Smalley v Motor Accidents Authority of New South Wales, unreported
Judgment date: 2 November 2012
- A CTP insurer is able to partially admit liability after having deemed to wholly deny liability pursuant to s 81(3) of the Motor Accidents Compensation Act 1999 (the Act).That is, s 81(4) does not limit the insurer to admitting liability in an unqualified form following a deemed denial.
- A Section 81 Notice which denies liability for the claim but admits fault on the part ofthe Insured does not trigger a mandatory exemption and may not itself qualify the claimant for an exemption certificate on discretionary grounds.
On 16 December 2005, Mr Michael Smalley (claimant) was injured in a motor vehicle accident. No claim form was served on the insurer until 25 January 2010.
The insurer requested a full and satisfactory explanation which was provided by the claimant and thereafter rejected by the insurer. The claimant sought a Special Assessment from the Claims Assessment and Resolution Service (CARS) as to whether the explanation provided was 'full and satisfactory' and was successful on that Application.
The insurer wrote to the claimant's solicitors advising that they did not consider the CARS Special Assessment Certificate to be binding, that they did not therefore accept any liability for the claim and maintaining that they were not required to admit or deny liability for the claim pursuant to s 81(1) of the Act.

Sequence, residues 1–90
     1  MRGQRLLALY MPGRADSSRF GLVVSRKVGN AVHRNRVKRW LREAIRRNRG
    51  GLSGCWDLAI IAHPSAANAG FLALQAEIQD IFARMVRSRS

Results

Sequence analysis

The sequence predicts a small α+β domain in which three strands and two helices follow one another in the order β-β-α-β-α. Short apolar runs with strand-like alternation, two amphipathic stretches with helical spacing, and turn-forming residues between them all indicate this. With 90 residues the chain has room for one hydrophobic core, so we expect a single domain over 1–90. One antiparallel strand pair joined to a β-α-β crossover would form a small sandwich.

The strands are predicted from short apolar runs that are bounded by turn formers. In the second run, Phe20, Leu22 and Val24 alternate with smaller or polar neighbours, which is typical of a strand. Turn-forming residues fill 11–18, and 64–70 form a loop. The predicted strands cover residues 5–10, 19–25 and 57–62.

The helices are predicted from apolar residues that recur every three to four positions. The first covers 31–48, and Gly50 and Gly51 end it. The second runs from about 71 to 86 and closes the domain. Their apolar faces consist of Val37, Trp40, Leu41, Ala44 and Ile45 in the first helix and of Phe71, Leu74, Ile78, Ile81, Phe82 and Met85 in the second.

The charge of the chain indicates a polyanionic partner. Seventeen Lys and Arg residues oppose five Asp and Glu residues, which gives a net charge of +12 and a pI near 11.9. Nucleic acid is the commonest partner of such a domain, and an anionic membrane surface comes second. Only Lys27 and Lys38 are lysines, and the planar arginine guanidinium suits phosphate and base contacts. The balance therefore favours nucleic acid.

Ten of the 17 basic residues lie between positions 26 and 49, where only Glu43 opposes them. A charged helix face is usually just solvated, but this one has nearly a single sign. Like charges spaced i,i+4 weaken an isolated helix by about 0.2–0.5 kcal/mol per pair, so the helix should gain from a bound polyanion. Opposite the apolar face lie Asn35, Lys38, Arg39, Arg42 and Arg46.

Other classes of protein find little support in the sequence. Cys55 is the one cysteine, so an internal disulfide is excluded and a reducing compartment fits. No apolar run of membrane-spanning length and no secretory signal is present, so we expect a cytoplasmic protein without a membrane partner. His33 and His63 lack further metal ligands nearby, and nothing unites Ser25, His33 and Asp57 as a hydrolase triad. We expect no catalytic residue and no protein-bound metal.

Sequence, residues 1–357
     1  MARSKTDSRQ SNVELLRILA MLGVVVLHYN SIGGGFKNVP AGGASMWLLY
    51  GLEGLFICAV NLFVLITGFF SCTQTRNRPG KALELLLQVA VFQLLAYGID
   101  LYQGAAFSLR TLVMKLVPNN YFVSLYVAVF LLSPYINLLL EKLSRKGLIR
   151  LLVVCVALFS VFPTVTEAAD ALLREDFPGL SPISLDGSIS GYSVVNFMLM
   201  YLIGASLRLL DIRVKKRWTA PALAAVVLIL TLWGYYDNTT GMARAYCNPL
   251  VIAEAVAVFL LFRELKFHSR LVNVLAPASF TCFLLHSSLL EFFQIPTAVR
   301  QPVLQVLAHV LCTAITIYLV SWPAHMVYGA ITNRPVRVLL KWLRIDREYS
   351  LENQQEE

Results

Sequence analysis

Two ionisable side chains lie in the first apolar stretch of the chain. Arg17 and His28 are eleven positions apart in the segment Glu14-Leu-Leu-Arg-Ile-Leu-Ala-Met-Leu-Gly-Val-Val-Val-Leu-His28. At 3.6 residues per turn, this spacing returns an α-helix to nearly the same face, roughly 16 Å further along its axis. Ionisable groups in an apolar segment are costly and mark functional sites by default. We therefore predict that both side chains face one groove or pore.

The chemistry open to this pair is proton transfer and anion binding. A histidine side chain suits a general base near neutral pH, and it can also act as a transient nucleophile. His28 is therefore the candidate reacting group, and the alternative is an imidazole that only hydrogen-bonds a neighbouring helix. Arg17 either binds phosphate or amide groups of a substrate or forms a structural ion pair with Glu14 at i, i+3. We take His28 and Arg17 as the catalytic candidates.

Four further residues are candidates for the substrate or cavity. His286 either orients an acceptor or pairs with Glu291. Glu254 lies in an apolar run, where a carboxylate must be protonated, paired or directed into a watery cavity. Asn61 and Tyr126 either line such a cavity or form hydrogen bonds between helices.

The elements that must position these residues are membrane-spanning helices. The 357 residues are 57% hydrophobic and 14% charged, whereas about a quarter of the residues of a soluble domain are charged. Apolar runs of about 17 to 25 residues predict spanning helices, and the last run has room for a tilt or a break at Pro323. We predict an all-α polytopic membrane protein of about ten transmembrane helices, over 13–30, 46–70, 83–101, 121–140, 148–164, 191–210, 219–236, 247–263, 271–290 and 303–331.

The claimant made an Application for Exemption, on mandatory grounds, which was rejected by The Principal Claims Assessor ("PCA") (first decision).
The insurer then issued a Section 81 Notice denying liability for the claim but accepting that the accident occurred due to the fault of the insured driver.
The claimant made a further Application for Exemption which was rejected by Assessor Snell (second decision). Assessor Smell determined that the matter was suitable for assessment at CARS.
The claimant then made a third Application for Exemption which was again rejected by the PCA (third decision). The PCA rejected the Application on the basis that the insurer had admitted fault on the part of the insured driver.
The claimant challenged all three decisions in the Supreme Court.
The claimant's primary challenge of the third decision was based on an argument that the insurer was unable to partially admit liability (that is admit fault but maintain the denial of the claim on the basis that the explanation provided was not 'full and satisfactory') after the matter had been a deemed a denial pursuant to s 81(3). The claimant submitted that if the s 81 notice was defective, the matter would have remained a 'deemed denial' and should have been exempted on that basis. The primary judge, Rein J, did not accept this Submission.
Section 81(4) prescribes that "Nothing in this section prevents an insurer from admitting liability after having given notice denying liability or having failed to comply with this section"
Rein J found that an interpretation preventing an insurer from partially admitting liability was not with keeping with the objects of the Act.